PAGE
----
When Did 'Politician' Become a Dirty Word?
As we trudge through yet another season of political contests, we find that many of the speeches given by the candidates use an epithet that is rather curious, when one considers the job they are aspiring to: politician.
Multiple presidential candidates have insisted that though they aspire to political office, they are not politicians:
Well, you need somebody, because politicians are all talk, no action.
—Donald Trump, June 2015
But voters are far more discerning. They’ve learned over and over again politicians don’t tell us the truth.
—Ted Cruz, 17 January 2016
I am proud to say that I am NOT a politician.
—Ben Carson, 4 February 2016
Rather than delving into why someone who thinks so little of politicians would want to become one, we could instead ask when politician became a dirty word. The short answer to that is that it has pretty much always been one.
Get thee glasse-eyes, and like a scurvy Politician, seeme to see the things thou dost not.
—Shakespeare, King Lear, 1623
Politician entered the English language at the end of the 16th century, and was formed by adding the suffix -ian to the adjective politic. Currently, our earliest known record of this word dates to 1584, when Richard Cosin used it in his An Answer to the Two Fyrst and Principall Treatises of a Certaine Factious Libell:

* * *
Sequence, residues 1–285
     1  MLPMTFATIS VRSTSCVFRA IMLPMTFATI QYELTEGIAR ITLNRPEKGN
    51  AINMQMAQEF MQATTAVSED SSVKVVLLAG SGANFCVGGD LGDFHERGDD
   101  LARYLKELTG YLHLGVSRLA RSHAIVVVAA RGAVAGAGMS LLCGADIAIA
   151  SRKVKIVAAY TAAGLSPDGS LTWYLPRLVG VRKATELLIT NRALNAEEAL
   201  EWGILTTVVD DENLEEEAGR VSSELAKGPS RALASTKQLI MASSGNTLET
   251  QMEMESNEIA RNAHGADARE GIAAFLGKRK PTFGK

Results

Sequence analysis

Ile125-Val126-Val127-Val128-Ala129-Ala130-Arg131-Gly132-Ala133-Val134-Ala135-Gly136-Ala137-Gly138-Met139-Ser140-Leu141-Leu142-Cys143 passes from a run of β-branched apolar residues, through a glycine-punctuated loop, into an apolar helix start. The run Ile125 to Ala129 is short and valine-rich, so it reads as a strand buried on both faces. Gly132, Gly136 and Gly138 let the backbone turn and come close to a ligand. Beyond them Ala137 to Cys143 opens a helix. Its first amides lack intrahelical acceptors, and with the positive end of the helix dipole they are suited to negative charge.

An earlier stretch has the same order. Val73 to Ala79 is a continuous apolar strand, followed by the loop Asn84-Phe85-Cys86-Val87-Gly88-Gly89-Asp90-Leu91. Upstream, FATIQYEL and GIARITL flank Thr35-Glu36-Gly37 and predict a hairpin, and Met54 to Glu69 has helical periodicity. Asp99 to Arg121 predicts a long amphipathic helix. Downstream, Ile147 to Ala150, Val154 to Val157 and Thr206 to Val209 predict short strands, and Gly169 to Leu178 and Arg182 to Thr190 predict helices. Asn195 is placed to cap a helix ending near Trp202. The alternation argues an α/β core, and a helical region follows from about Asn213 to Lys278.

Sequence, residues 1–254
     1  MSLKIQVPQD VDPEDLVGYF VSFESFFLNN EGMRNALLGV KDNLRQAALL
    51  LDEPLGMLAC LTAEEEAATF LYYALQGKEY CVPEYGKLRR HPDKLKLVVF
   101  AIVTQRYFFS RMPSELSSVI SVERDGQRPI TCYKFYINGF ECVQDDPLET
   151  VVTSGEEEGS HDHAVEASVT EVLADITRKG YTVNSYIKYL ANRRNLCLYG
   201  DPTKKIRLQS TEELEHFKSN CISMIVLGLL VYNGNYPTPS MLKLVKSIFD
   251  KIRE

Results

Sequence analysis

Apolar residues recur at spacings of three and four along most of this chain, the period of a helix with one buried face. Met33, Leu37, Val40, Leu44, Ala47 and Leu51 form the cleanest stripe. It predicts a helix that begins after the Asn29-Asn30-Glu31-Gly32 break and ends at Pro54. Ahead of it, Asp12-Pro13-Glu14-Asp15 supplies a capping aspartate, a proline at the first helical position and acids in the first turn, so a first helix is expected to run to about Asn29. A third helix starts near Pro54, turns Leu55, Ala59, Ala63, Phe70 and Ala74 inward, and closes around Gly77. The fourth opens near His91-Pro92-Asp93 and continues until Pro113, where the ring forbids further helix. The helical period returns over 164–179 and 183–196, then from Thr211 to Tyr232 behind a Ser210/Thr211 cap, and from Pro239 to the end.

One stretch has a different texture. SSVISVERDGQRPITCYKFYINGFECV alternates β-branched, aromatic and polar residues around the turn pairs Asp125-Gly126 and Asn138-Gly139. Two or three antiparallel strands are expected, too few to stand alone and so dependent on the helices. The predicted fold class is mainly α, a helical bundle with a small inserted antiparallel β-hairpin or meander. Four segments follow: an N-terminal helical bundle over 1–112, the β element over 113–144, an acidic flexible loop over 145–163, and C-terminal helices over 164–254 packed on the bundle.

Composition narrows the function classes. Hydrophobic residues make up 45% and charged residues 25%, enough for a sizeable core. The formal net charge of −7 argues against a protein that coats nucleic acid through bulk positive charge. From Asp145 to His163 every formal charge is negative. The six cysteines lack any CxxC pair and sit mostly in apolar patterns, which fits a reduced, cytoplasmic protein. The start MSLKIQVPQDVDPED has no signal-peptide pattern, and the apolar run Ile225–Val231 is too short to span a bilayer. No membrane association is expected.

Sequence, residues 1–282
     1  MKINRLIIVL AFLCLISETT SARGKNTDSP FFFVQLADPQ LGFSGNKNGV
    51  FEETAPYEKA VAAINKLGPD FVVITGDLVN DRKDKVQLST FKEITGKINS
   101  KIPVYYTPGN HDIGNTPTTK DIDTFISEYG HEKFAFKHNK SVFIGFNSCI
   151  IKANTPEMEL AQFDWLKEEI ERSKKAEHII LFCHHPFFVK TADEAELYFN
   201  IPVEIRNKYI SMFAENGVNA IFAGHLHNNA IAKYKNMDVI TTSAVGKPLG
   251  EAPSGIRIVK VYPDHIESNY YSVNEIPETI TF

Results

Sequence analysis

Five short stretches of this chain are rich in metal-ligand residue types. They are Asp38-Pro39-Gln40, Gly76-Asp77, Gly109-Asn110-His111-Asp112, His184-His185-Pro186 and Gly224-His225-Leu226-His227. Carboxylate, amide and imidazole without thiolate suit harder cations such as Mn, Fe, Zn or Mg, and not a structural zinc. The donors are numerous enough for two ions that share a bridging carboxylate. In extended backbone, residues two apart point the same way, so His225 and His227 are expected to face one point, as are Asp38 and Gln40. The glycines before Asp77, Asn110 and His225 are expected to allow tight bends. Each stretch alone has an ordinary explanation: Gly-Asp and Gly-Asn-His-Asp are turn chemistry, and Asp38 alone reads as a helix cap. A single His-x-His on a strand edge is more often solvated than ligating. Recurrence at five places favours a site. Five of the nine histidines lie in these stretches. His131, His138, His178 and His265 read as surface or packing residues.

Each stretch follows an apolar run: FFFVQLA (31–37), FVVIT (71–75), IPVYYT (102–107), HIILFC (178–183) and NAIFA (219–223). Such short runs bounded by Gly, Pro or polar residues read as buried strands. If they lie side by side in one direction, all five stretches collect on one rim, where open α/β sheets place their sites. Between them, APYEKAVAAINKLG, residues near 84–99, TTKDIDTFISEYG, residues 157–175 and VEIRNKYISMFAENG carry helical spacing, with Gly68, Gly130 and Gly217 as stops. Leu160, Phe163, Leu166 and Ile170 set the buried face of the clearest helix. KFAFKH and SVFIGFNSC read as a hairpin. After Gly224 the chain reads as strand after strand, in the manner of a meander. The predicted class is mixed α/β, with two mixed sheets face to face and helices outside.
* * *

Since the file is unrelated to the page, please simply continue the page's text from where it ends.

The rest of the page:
In which respect we are also taught by Aristotle, and other wise philosophers & Politicians, that in all lawes & administration of justice; we are partlie to observe proportion Arythmeticall…
This use does not make politician sound so bad, but at the same point a number of other authors were using the word in a sense that is more in line with the earliest one provided by Merriam-Webster’s Unabridged dictionary: "a politic person; especially: a shrewd and crafty schemer."
…men that professe themselues to be of the society of Iesus, who being the fountaine of all purenesse, will surely neuer associate himselfe with deceiuers, and false worldly politicians.
—Lewis Lewkenor, The Estate of English Fugitiues vnder the King of Spaine and his Ministers, 1595)
These notable polititians, or more properly Atheists, if they were simply to deale with men, they might many times happily see the wished effects of their deuises: but they striue against God that striue against their soueraigne Princes, especially against such a one as God hath annointed to set foorth his glorie.
—George Whetstone, The English Myrror, 1586
The word has meant "one actively engaged in conducting the business of a government" for much of the past 400-odd years. Yet throughout all this time it has simultaneously been used in a contemptuous fashion as well, denoting a person who is interested in their own well-being over others, scheming, and overly given to the machinations of politics. As is so often the case when dealing with the subject of invective in the English language, the last word on this subject should perhaps go to that famed satirist, Ambrose Bierce, who offered the following definition of politician in his 1911 book, The Devil’s Dictionary:
An eel in the fundamental mud upon which the superstructure of organized society is reared. When he wriggles he mistakes the agitation of his tail for the trembling of the edifice.